My childhood was extremely routine.
Life was divided by seasons, and organized by days. Routine and careful planning were the ways Mom and Dad made sure all our needs would be met.
The busiest season was fall. A warm September meant two more crops of hay to get into the barn. Those crops, added to the three from summer, ensured our cow Betsy had plenty of food when the pasture grass turned brown and crisp. Mom canned tomatoes and shucked and shaved ears of corn to put in the freezer.
Our apple tree produced full boxes in October. I learned to use a sharp knife at a young age to help Mom peel, and make applesauce and apple butter.
October was also meat month: deer hunting, butchering a calf, a pig and chickens that were no longer good layers. I thought of it as the bloody month. Mom and Dad used the kitchen table to cut the meat, wrap it in thick white paper, and write the contents on each package.
The meat bundles were packed in our wash tubs, loaded into the car and whisked away to Knepper’s Lockers to be frozen. Dad would bring home a few packages once a week.
Before the first hard freeze, Dad dug the root vegetables: potatoes, carrots, turnips and rutabagas. Mom and I grabbed the turned-over treasures, and filled gunny sacks to be stored in the dirt cellar under our house. The veggies joined rows and rows of jars filled with berries, apricots, peaches and prunes.
By the end of November, harvest was complete. Our table always held an abundance of good food.
Each day also had its task. Mom taught me a song to remind me what happened each day. I’m sure many of you remember it:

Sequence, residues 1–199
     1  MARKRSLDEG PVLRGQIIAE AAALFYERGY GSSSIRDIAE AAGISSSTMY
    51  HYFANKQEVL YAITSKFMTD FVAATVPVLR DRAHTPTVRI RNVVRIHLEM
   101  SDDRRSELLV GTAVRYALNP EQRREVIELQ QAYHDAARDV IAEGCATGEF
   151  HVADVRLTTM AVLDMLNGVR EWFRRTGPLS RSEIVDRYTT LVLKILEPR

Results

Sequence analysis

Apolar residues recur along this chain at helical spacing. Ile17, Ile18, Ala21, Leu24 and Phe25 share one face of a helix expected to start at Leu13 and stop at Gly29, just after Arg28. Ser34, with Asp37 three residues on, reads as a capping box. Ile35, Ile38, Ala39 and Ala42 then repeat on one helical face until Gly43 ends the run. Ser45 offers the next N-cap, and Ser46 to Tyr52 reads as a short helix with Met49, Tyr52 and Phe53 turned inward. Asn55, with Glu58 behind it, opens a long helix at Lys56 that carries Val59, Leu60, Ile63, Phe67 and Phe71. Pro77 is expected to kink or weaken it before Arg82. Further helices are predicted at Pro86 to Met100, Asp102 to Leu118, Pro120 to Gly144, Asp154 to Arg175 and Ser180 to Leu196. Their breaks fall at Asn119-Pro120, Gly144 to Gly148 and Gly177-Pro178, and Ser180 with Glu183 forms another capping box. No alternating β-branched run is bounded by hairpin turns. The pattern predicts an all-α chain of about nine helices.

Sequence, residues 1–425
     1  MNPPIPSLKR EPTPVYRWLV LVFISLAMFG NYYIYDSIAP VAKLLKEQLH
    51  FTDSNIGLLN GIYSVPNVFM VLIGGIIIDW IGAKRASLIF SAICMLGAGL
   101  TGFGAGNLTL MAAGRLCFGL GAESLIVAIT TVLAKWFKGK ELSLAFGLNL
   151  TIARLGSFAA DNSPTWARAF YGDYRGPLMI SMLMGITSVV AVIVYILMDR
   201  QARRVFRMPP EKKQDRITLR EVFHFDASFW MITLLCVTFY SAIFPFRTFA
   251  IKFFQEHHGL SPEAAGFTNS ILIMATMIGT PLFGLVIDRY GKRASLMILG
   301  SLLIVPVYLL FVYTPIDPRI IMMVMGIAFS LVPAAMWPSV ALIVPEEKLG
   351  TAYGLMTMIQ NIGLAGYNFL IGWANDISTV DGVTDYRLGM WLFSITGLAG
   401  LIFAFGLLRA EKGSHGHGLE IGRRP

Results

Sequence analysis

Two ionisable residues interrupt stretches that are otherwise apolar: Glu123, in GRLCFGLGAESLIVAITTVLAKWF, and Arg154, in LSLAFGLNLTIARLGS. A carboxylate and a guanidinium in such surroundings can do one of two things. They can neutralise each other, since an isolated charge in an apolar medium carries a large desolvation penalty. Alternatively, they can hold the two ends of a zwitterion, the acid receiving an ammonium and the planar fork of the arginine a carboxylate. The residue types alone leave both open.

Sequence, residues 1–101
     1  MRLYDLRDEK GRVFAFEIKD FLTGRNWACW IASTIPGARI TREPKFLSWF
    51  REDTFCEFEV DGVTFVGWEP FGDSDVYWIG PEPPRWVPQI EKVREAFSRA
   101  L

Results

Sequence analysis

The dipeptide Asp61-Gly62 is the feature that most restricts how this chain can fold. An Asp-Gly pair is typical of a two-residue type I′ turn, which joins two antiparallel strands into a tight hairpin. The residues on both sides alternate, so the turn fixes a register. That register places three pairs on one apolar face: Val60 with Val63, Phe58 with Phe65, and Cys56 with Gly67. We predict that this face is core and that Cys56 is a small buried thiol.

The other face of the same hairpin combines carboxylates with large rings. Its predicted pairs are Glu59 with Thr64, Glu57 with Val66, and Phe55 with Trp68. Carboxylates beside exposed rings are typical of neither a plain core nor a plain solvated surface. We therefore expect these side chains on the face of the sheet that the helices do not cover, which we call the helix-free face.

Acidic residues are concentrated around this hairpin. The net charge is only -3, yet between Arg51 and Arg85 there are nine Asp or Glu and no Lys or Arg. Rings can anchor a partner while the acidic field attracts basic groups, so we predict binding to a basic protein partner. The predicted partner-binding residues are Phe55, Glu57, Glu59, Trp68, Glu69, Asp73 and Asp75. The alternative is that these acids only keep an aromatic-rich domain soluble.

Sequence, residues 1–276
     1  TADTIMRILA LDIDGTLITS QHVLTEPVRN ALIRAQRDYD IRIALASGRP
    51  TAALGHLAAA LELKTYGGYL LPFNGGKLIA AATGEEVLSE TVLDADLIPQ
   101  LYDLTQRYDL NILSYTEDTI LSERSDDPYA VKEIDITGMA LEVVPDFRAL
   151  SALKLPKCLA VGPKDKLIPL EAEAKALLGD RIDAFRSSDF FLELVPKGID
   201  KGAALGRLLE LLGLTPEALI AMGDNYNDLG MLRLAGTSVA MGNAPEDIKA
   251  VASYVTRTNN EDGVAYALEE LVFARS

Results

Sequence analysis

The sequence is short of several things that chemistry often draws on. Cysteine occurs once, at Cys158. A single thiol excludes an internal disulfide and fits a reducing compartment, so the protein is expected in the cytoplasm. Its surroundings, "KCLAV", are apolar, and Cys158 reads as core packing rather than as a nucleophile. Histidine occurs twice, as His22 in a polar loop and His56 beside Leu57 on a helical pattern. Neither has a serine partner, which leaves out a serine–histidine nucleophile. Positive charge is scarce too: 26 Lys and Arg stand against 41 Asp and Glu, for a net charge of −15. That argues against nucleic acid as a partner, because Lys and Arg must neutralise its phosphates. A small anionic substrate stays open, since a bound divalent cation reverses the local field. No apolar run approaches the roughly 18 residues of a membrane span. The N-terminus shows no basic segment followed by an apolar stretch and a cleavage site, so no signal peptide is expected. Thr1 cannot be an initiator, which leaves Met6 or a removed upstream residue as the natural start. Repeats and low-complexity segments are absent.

“This is the way we wash our clothes, wash our clothes, wash our clothes.
This is the way we wash our clothes all on a Monday morning.”
- Monday was “wash our clothes.” Laundry was hung on a line — even in winter. They’d freeze dry.
- Tuesday was “iron our clothes.” I started with ironing hankies and pillow cases.
- Wednesday was “mop the floors.” I would sweep, and Mom would mop.
- Thursday was “wash the windows and scrub the outhouse.” That didn’t fit the tune.
- Friday was “bake our bread” — and sometimes cinnamon rolls or a cake or pie. It was my favorite day.
- Saturday was “go to town.”
- Sunday was “go to church.”
Visiting was squeezed into afternoons or after supper as a regular part of the schedule.
Relationships were very important. Routine, routine, routine. There was great security in knowing our family’s routine.
As modern conveniences appeared, routines disappeared. Washers and dryers created instant clothes care. New materials no longer need ironing. The mop bucket’s been replaced by the Swiffer. Indoor plumbing makes it easy to give the bathroom a quick cleaning every day. I’m sorry to say my windows seldom get washed.
Bulk stores have cut shopping to once a month.
Church services are relegated to Sunday mornings, and the rest of the day is recreation.
You’d think with these quick, easy solutions we’d accomplish more. It’s just the opposite. We become in-grown, distracted, more “busy.” I find myself whittling away the day with meaningless time wasters. Why do I do that?
I’ve determined to recreate a routine. Daily activities include morning exercises, reading, praying, crossword and Sudoku to get my brain charged.
My ongoing goals are:
- Phone at least one person each day.
- Organize one drawer in my house each Tuesday.
- Take someone to lunch on Wednesdays.
- Send someone a thoughtful note each Thursday.
- Write for two hours each Friday and Saturday.
- Read one hour every day.
So far, I’ve sent cards to friends, trimmed shrubs and created my unique Christmas cards with my extra time. Can I keep this going and continue to be more productive? I hope so. I invite you to join me in creating an intentional routine so each night will bring the satisfaction of a day well done. Routine, routine, routine.
Chase Hoseley is a freelance writer and retired kindergarten teacher who lives in Clarkston. She can be reached at firstname.lastname@example.org.